Tova Mordechai may not be the most typical of Shabbat table guests, but for the attendees of a recent Shabbaton in Ottawa, Canada, the Chasidic author and speaker who was once an evangelical minister was one of the most inspiring.

The weekend event, "Playing With Fire: the Long Return Home," took its name from the title of Mordechai's 1991 book, To Play With Fire: One Woman's Remarkable Odyssey. That work chronicles the author's spiritual journey, from her childhood as Tonica Marlow, the daughter of an Egyptian Jewish woman and a Protestant minister, to her embracing her Jewish identity to the fullest. Today, Mordechai resides in Safed, Israel, with her husband and three sons, and serves as an assistant to the directors of two Chabad-Lubavitch women's seminaries.

"Our community was very moved by her talk," said Rabbi Chaim Mendelsohn, co-director of Ottawa's Chabad-Lubavitch of Centre Pointe. "We were touched by her whole experience."


Mendelsohn booked Mordechai for the appearance when he learned of a journey she was making to North America.

"On the deepest level," said Mendelsohn, "her story relates to every person, in that we all have a certain inhibition to soaring spiritually."

Cheryl Aroosi, 53, read Mordechai's book several years ago and eagerly awaited the opportunity to hear her speak in person. At the Shabbaton, the message affected Aroosi personally.

The talk "left me with the belief that you must explore what you feel," she said. "Only then will you find the truth and any answers to questions that might be inside of you. Tova has inspired me by proving that one must continue to dig deeper and look beyond what is in front of our eyes."

The small Chabad House drew an exceptionally large crowd of 75 guests for each of the event's night and day sessions.

"It's a very nice blend of people," reported Mordechai. The crowd was "very warm, open to grow, open to receive and very giving too."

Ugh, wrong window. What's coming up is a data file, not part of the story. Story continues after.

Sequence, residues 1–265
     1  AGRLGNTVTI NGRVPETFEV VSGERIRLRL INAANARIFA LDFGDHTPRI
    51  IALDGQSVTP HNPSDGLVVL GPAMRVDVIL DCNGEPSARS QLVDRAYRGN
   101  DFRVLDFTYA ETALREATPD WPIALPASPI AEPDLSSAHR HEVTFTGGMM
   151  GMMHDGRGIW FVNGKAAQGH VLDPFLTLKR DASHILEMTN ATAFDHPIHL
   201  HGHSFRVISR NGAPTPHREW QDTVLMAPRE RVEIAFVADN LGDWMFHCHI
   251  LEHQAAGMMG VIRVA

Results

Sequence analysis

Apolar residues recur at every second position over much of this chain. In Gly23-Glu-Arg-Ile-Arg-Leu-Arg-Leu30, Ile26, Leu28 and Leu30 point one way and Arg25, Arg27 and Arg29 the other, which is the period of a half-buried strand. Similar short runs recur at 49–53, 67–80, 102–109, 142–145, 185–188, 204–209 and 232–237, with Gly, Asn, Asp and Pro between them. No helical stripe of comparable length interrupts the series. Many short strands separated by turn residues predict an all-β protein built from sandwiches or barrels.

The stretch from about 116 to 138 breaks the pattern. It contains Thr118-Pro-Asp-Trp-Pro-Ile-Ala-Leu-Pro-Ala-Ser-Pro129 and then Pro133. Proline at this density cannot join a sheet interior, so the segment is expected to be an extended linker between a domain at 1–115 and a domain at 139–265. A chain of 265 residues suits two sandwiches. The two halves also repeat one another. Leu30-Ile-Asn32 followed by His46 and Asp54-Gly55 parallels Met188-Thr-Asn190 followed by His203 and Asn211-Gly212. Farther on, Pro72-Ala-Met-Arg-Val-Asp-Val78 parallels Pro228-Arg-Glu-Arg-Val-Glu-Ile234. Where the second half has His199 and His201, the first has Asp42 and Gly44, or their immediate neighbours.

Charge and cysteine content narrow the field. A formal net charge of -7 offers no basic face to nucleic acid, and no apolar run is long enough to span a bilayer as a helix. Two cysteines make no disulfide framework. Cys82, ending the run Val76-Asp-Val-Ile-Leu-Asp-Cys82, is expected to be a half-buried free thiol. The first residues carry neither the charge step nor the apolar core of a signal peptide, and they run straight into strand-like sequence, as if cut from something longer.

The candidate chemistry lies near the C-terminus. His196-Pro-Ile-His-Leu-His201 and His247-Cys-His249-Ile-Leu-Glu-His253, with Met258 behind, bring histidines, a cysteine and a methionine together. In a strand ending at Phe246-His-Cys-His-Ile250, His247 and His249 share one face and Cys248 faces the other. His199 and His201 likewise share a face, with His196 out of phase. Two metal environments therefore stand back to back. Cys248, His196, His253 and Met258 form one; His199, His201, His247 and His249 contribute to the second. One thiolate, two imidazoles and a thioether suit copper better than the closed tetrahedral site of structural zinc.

Awakening the Soul

Tova Mordechai with one of her grandchildren
Tova Mordechai with one of her grandchildren
In her speaking engagements, Mordechai focuses on the "rejuvenation of the Jewish soul." Though she usually covers such topics as Shabbat, the Jewish dietary laws, and the mezuzah, in Ottawa, Mordechai instead focused on the importance of the Jewish soul and one's relationship with G‑d. She also placed particular emphasis on the importance of every Jew, no matter his or her spiritual standing.

"The connection to the spiritual aspect of ourselves is not just for hippies and weirdoes," said Mordechai. "I emphasize how [people are] beautiful, holy and connected to G‑d right now, because they're a Jew. I tell them that you can do even a little bit, and still be very acceptable and valuable before G‑d."

Though Mordechai spoke for longer than a typical presenter, the guests were still eager for more.

"She spoke for an extraordinarily long time," said Mendelsohn, "so I was worried that people would have lost interest. But when they came out from the meal, they were wide-eyed and overcome with inspiration. They even sat for hours waiting in line and asking questions. It was like she was a celebrity."

The heightened attention was thanks to Mordechai's compelling personal account, according to Aroosi.

"I was just enthralled by her story," she said. "How she was drawn to Judaism was so inspiring."

Bassy Mendelsohn, co-director of Chabad-Lubavitch of Centre Point, agreed.

"It was a real inspiration to see and hear from someone who went from one extreme to the other, and how that that experience has meaning for someone in their own Jewish journey," she said.

"The nature of my talk touches the soul," added Mordechai. "It hits a very deep core in even the most assimilated Jew."